Kolf: Internal cleanups and a new “New game” dialog

August 3, 2009

Over the last weeks, I’ve put together a new tiny component framework for Kolf, which degrades the main window to a kind of interface server where games insert their UI components. Today, I was finally able to kill all the old components and port everything to the new system. This is not exciting because it does not show off yet, but here’s something screenshot-friendly: I’ve killed the “New game” dialog and built a “New game” widget instead:

The new "New game" widget

As you see, all interface in Kolf is now concentrated in the mighty tab widget in the center (with the only exception being dock widgets). If a game is currently in progress, the “New game” widget also opens as a tab, allowing you to continue to play your game if you decide not to start a new game.


2 Responses to “Kolf: Internal cleanups and a new “New game” dialog”

  1. TuringTest Says:

    Just a quick comment. The layout should be:
    – The “start game” should be the size of half the screen.
    – The “add player” button should be the other half.

    While the above advice is a hyperbole, I hope it shows what’s lacking in your design. If you’re taking the effort to redesign the whole dialog, try to enhance not just its technical underpinnings but also its usability.

    You should highlight the most important and frequently used elements in the dialog (the “start game” being the top one), by providing them with the highest size and contrast. The other elements should be placed around, showing their relative importance with respect to that primary goal of starting a game.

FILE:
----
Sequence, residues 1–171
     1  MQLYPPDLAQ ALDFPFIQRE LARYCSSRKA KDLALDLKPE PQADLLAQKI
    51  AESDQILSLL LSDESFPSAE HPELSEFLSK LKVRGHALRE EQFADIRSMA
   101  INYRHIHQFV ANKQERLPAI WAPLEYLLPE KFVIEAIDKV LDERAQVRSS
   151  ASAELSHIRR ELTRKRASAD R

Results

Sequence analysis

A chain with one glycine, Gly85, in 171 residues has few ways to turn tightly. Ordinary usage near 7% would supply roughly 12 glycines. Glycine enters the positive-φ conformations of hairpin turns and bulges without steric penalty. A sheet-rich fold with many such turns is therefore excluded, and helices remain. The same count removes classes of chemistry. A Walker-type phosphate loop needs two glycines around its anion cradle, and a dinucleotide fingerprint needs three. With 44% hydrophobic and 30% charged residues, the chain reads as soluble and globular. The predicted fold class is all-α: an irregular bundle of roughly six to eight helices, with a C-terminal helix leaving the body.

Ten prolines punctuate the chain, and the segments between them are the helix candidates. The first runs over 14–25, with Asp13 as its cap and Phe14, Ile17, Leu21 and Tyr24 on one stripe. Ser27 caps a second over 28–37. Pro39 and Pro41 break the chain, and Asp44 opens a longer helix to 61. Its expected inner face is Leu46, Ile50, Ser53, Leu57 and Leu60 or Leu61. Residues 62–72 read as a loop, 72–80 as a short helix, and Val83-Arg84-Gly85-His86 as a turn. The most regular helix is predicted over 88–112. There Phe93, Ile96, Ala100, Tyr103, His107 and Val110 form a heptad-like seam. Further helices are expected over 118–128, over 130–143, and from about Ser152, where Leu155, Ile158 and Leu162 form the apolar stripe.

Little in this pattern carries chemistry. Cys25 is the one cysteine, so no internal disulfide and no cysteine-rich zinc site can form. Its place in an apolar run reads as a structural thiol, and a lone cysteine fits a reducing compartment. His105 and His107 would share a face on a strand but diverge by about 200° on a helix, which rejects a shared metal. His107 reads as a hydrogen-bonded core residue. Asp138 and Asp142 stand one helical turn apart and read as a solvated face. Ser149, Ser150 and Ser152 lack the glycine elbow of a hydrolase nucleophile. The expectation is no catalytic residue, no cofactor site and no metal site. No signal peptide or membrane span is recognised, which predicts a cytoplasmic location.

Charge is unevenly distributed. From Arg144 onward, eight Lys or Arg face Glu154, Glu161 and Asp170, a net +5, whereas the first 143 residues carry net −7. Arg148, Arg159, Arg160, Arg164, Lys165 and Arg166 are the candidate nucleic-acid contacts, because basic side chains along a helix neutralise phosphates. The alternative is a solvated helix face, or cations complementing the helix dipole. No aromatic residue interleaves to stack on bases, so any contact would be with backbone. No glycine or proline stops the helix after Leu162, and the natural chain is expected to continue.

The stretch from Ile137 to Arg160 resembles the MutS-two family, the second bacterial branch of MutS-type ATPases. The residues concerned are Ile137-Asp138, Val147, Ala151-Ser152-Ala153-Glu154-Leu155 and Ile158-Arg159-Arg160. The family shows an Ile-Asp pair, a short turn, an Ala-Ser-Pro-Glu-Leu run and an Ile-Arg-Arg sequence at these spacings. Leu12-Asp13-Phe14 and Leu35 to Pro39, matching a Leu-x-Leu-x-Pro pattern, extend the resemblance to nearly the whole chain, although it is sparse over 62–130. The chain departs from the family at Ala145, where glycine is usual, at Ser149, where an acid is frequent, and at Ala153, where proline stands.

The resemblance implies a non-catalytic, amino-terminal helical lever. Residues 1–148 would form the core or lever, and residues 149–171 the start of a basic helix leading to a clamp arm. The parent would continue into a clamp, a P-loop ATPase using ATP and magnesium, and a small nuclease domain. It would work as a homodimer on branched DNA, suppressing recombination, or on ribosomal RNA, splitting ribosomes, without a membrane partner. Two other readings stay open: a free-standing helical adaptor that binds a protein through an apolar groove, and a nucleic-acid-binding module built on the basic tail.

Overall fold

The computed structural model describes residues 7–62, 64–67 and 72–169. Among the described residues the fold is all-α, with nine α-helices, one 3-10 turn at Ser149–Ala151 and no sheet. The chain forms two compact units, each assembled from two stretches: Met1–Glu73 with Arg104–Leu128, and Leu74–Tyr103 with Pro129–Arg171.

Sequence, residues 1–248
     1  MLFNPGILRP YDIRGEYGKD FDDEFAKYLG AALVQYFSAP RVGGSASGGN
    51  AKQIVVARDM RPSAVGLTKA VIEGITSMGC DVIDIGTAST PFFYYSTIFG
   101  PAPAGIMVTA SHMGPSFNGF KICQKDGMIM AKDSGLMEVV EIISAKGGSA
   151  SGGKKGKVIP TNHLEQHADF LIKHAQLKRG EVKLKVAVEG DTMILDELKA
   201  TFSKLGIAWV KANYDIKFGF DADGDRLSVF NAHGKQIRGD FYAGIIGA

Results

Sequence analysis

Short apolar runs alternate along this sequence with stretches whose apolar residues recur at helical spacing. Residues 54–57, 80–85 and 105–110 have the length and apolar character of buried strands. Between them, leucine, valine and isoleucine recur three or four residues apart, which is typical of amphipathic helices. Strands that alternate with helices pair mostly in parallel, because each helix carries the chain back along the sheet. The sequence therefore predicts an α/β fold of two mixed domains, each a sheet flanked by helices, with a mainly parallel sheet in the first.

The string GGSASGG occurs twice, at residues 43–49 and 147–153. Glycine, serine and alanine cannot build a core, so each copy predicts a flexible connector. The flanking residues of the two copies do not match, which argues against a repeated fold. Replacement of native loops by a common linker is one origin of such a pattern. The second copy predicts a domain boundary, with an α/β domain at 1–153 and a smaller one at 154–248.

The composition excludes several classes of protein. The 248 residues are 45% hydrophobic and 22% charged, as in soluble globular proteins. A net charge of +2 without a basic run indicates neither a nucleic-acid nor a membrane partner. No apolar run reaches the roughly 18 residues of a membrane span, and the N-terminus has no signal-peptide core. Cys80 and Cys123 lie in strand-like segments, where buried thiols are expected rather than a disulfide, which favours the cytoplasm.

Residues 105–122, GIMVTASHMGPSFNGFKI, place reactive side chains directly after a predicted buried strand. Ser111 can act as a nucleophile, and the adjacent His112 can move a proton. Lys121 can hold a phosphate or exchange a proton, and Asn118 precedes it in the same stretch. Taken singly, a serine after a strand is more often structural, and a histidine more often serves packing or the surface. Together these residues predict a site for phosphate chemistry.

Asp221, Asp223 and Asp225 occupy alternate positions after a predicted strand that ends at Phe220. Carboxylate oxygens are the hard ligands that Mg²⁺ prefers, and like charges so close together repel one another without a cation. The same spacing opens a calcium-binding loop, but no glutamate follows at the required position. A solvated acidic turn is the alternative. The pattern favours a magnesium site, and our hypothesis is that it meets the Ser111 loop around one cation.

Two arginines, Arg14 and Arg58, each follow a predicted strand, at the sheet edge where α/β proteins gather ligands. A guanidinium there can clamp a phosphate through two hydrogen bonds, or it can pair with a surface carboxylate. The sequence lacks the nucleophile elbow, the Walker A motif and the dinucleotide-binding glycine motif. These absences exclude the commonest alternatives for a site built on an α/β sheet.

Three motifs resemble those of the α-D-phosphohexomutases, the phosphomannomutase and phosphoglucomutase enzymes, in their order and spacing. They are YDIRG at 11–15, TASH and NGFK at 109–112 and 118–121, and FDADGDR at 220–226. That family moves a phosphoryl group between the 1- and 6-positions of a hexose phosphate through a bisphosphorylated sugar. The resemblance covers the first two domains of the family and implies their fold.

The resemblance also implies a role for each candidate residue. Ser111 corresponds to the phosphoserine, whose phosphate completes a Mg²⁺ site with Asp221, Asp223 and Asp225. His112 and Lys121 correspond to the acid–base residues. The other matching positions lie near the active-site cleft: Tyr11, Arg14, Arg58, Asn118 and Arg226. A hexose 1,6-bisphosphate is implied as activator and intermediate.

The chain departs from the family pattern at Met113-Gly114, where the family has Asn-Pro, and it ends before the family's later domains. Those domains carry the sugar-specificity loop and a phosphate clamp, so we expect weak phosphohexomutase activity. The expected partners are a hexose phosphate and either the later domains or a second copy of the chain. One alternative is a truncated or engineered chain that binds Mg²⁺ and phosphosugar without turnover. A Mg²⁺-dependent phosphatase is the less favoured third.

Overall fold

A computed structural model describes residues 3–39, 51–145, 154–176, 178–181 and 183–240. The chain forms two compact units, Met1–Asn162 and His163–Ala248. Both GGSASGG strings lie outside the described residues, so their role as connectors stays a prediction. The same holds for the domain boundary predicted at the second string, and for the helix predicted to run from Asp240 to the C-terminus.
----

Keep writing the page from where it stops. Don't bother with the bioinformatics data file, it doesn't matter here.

Learn some easy principles of design on how to accomplish that:


    • Stefan Majewsky Says:

      I’m well aware that the design of this dialog is nowhere near final. The “add player” button has already moved to the button, forming a row with “start game” and “open course for editing”, like in most dialogs (consistency is also an important design principle). I’m planning usability testing for the whole game when it has moved further in the development process.

      Considering your hyperbole, I’m not going neither to cut features, nor to hide them. Of course, I pay attention to what I place at this prominent place, but the interface contains only the bare minimum functionality.

      Then, in reply to your link: This is not an ad, this is software. It’s not about being fancy, it’s about getting the job done (even if the job is just to start a game). What we really need is consistency. There is no need for blinking green buttons on a pink background when the user simply knows where he has to continue. (By the way, I find the layout of the linked site simply awful. There’s too much that distracts from the real information. I wonder why the author of this blog is writing about how to avoid distracting design.)

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